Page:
My two cents:
Digital technology is maturing. We probably won't see the huge improvements of the last five years over the next five years. Even the least expensive Rebels these days produce very high quality images in 98% of situations. New technologies are focusing on that remaining 2% (high ISO, autofocus, extended dynamic range, etc.)
As with any technology, improving that 2% is expensive and comes in very small steps. For the vast majority of photographers (both amateur and professional) they will do an informal cost-benefit analysis to determine if the modest improvements are worth the price tag. Camera manufacturers must make the same choices: is it worth X million in research and development to gain 1/2 stop ISO improvement?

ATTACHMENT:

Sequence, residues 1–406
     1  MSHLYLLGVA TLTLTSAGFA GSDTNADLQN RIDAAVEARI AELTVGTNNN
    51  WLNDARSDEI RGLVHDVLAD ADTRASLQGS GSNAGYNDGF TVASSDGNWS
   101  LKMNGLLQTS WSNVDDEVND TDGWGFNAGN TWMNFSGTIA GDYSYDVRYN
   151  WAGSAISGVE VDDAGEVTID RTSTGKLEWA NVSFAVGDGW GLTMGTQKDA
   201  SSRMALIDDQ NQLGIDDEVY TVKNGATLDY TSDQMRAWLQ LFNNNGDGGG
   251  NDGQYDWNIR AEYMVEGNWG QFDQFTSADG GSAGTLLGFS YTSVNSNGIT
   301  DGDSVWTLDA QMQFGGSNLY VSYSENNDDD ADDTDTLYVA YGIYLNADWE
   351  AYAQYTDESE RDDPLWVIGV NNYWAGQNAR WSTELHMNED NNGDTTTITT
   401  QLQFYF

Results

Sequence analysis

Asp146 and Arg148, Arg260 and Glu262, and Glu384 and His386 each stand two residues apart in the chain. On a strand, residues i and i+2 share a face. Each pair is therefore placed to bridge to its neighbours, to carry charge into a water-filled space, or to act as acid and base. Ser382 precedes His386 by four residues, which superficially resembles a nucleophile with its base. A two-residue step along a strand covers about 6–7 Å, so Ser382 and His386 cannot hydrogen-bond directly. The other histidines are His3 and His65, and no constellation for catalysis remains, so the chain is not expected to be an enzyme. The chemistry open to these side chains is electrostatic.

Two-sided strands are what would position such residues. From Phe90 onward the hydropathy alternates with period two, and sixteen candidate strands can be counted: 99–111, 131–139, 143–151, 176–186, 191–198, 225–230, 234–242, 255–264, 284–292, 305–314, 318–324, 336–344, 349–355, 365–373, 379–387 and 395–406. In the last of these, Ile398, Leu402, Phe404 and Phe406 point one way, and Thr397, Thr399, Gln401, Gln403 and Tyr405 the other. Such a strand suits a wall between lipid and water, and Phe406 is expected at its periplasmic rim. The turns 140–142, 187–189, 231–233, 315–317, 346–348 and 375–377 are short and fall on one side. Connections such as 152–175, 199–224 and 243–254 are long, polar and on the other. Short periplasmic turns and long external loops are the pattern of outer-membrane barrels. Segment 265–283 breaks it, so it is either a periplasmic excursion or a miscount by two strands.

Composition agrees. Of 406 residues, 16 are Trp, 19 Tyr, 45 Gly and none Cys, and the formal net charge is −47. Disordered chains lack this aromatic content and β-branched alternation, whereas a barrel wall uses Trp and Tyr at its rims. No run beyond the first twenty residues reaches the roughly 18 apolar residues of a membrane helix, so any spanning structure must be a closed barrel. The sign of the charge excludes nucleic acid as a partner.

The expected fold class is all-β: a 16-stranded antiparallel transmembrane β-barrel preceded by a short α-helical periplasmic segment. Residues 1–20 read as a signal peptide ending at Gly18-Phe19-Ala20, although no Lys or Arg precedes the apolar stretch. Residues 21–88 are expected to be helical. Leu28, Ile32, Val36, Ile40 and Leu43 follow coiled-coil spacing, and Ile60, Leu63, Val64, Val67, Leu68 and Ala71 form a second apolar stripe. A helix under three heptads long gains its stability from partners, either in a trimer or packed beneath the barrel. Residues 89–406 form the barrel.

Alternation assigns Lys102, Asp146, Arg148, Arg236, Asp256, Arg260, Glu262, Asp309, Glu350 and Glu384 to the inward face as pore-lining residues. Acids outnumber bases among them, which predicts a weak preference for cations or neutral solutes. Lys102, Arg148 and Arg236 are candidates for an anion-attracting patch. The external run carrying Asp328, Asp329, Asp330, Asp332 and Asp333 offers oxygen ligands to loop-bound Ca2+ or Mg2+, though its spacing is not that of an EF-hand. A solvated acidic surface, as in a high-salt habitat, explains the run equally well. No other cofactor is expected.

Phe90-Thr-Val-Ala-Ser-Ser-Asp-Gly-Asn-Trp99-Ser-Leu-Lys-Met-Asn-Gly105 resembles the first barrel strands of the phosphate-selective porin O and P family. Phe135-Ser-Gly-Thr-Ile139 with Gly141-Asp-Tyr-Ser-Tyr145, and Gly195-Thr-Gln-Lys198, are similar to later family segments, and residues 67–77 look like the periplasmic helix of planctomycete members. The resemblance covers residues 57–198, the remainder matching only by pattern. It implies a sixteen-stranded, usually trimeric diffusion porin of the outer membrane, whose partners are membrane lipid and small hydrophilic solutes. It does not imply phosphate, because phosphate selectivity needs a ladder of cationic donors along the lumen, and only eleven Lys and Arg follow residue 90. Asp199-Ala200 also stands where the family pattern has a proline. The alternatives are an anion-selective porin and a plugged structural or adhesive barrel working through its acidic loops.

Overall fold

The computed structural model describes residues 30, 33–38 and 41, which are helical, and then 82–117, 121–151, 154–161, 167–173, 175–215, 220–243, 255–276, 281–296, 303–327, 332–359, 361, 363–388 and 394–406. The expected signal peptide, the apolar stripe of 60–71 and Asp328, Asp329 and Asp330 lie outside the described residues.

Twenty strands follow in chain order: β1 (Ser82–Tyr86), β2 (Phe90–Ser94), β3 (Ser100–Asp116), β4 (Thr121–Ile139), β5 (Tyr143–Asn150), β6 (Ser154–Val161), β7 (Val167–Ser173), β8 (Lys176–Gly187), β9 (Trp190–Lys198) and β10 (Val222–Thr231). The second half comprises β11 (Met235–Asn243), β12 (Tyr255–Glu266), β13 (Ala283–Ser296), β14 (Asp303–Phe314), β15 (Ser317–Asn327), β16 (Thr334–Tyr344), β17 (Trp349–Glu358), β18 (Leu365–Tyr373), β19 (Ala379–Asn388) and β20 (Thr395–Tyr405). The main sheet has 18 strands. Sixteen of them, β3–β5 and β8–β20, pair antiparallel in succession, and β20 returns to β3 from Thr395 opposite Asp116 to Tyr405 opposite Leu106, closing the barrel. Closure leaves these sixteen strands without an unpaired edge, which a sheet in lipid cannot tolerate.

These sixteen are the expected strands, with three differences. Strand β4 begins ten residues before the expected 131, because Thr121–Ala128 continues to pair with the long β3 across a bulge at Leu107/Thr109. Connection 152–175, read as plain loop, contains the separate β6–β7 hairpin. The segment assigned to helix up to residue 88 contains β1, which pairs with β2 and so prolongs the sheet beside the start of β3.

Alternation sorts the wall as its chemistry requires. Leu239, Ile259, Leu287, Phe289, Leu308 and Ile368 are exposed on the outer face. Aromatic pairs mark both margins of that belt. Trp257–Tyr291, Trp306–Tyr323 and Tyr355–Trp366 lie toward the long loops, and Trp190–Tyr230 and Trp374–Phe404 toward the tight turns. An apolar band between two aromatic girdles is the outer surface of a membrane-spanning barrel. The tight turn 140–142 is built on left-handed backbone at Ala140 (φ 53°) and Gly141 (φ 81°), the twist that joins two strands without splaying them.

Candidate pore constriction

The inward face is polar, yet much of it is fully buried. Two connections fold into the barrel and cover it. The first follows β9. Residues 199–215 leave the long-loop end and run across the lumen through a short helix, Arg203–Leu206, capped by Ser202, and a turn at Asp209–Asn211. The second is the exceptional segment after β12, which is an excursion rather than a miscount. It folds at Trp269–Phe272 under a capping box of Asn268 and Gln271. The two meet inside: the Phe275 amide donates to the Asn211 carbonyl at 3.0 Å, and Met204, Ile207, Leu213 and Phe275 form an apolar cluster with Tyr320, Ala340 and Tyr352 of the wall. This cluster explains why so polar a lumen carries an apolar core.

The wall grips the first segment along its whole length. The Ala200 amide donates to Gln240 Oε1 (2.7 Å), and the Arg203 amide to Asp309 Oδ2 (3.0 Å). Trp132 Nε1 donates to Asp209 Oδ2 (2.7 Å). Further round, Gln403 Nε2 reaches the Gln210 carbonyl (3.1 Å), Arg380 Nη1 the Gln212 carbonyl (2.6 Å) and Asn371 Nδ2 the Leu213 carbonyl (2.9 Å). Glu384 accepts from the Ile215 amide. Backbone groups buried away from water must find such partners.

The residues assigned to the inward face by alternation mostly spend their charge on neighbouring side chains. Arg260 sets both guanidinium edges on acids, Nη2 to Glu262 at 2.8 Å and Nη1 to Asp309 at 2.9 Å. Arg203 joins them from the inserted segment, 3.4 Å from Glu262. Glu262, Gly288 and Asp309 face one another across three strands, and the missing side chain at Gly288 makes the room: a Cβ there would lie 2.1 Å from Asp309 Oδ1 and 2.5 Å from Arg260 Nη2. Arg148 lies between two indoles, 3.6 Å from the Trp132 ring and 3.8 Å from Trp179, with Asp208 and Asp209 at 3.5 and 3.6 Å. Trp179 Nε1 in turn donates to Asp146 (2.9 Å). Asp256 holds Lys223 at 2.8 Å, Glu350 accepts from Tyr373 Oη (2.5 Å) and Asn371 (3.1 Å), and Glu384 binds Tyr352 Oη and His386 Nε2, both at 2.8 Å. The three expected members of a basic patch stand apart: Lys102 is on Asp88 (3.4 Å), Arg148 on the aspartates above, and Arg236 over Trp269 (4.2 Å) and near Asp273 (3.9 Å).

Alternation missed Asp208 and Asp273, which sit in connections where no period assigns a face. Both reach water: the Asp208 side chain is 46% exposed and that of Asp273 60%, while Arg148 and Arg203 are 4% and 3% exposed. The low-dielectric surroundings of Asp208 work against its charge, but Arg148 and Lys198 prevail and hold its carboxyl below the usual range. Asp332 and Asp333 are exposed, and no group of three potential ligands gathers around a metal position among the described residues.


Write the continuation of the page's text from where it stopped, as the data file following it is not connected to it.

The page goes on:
The most interesting advancements, I think, are in the area of focusing/sharpening. Right now, the Lytros camera is a toy. But it may not always be so. Adobe is already experimenting with software focusing to correct out-of-focus images.
Another area I find intriguing is Fuji's experiments with hybrid digital/organic sensors. Early claims are that a hybrid APS-C sensor could outperform a conventional full frame sensor.
My view: the next big breakthroughs could very well come in totally unexpected areas.